to construe such a constitutional amendment. It is now more than eighty years
since the adoption of the Fourteenth
Amendment; and the Supreme Court is
-till trying, in the school-segregation
eases, lo determine what force should be
given to various statements in the congressional debates on thai amendment in
the late 1880's.
The perspective which accompanies
the passage of time is not free of inaccuracy. Remoteness can produce a loss
.if detail. The legislative intent, which
may now seem to us so sharply defined,
can become blurred as the decade- go
by. What assurance' do we have that the
intent will be found to have been one
of restating the law rather than changing
it? Who has the power or authority,
under our form uf government, to make
this intent so clear as to remove emv
eliiul.t on thi- score lor eill time?
WOULD HANDICAP STRUGGLE
Moreover, the evil ..I Buch an amendment weeiilel lie- not only in the possibility
of an unfortunate construction by the
Supreme Court, but in the mere exist-
I'liec of ei constitutional question affecting, and therefore clogging, the treat)
\\. all know theit the uncertainties of
constitutional law <eiu be a source of
verj great difficulty to the American
businessman. But to adopt a constitutional amendment which might becloud
the law on the tnaly power would be to
place an unnecessary handicap upon the
representatives of our country in their
dealings with other nations.
We cannot afford le. ; i——i r 11 n - any
further handicap in these times when
the outcome of the struggle against
communism depends so largely upon
how successful we are in strengthening
the alliance of all freedom-loving nations
and peoples. In these perilous and confusing years, if our country is to act on
the world scene with any chance of success, it is a primary requisite that the
authority of our representatives should
be absolutely clear cut.
Finally, in reference to the Knowland
proposal and also to Section 1 of the
Bricker resolution, it is unthinkable to
me that our Constitution, particularly
the fundamental guaranties in the Mill
of Rights, could be overriden by a treat).
So far as I know, no treaty has evei
been made which purported t.» have llii-
effect. I find it impossible to assume thai
any such treaty would be agreed le. in
the future by a President of the I nil. .1
States and two-thirds of the Senate, both
elected by and responsible to the .Ann ii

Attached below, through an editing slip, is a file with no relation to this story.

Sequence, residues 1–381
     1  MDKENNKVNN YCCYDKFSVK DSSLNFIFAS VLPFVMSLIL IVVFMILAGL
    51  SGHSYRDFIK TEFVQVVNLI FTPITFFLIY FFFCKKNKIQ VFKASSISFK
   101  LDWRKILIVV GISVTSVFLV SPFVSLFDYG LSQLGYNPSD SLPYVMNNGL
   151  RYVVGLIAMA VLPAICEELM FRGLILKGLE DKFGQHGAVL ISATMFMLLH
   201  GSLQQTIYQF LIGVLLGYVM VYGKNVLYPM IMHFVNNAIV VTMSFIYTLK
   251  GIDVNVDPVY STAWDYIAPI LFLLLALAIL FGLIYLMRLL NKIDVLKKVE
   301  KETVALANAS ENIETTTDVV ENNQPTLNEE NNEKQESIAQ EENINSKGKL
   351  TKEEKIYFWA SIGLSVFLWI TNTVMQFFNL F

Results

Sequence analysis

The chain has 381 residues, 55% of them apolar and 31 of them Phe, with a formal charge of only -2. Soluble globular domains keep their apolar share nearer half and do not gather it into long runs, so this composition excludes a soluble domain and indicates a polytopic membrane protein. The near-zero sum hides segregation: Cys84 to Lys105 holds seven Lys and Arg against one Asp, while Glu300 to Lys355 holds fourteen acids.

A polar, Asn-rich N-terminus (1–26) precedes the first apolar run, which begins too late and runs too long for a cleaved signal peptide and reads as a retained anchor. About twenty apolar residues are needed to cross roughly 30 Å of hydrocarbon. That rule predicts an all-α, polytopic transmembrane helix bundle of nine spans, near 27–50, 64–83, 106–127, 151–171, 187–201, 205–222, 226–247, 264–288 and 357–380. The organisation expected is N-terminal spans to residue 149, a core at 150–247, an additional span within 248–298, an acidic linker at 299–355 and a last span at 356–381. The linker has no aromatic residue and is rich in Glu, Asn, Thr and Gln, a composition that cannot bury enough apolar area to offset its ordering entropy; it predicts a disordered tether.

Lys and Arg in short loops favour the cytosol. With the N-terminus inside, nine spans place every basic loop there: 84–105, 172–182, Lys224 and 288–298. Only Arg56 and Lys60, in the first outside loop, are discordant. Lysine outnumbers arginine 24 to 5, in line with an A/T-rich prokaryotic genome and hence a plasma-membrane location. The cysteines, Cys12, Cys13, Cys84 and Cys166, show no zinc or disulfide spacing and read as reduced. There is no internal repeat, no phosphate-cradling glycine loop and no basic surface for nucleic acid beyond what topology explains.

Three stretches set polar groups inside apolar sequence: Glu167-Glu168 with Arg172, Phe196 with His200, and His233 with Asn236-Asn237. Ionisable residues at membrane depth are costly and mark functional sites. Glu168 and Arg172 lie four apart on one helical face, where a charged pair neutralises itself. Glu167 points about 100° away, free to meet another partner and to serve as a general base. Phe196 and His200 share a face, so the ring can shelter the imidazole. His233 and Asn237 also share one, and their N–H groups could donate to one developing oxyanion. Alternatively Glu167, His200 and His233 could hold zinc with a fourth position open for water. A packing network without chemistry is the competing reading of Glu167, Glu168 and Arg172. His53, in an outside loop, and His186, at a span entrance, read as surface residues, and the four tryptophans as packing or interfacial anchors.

can people. Even granting this unlikeliesl
of all contingencies. I cannot imagine
lhat the Supreme Court, the guardian e.l
our most sacred traditions, would permit the Constitution to be overriden in
I In top ol all this, how can wc conceive that the Congress would be so
supine eiml helpless that it would not
immediately pass a law restoring the
supremacy of the Bill of Rights over
any such hypothetical treaty? With a
Congress as helpless as lhal. our situation would be hopeless anyway; and I
am opposed to redesigning our Constitution which has stood for 165 years, in
order to provide for hopeless situations,
MIGHT BRING MORTAL HARM
In reference both to Section 2 of the
Bricker resolution and also to Section 2
uf the George proposal, there is no need
for a constitutional amendment limiting
the President - power to make executive
In mv opinion, whatever advantage
might be gained through such an amendment we.ulil be outweighed In tin-serious
ri-k eef mortal harm to our country if
tin- executive branch should be saddled
with a procedure which might cause
eleleiy anil confusion in an emergency
crying for swift anil decisive action. I.
therefore, oppose eit ihis time ;i constitutional provision along the lines of any
now pending before us to require congressional action before em executive
agreemenl can have effeel eis internal
Under the Constitution as it now
stands there is a wielc area in which
executive agreements are Inferior t.. acts
of Congress. Within this area an execu
live agreemenl will have no force if inconsistent with an ent of Congress, ll